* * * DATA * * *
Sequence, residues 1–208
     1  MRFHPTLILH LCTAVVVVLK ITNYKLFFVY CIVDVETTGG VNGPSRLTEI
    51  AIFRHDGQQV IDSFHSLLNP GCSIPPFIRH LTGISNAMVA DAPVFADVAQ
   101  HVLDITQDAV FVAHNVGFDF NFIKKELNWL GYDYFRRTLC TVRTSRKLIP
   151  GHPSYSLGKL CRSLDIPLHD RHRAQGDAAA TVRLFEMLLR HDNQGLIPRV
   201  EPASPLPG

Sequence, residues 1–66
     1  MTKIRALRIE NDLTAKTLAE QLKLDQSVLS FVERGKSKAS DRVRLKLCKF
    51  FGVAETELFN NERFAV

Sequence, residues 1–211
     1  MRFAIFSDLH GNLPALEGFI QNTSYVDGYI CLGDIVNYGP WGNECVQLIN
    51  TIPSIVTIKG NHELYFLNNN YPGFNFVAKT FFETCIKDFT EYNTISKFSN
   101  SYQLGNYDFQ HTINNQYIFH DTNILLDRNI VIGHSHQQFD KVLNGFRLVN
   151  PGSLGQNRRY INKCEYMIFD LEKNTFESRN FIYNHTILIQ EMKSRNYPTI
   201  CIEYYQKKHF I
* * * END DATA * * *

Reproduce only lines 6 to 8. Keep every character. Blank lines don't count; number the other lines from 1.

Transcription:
   201  EPASPLPG

Sequence, residues 1–66
     1  MTKIRALRIE NDLTAKTLAE QLKLDQSVLS FVERGKSKAS DRVRLKLCKF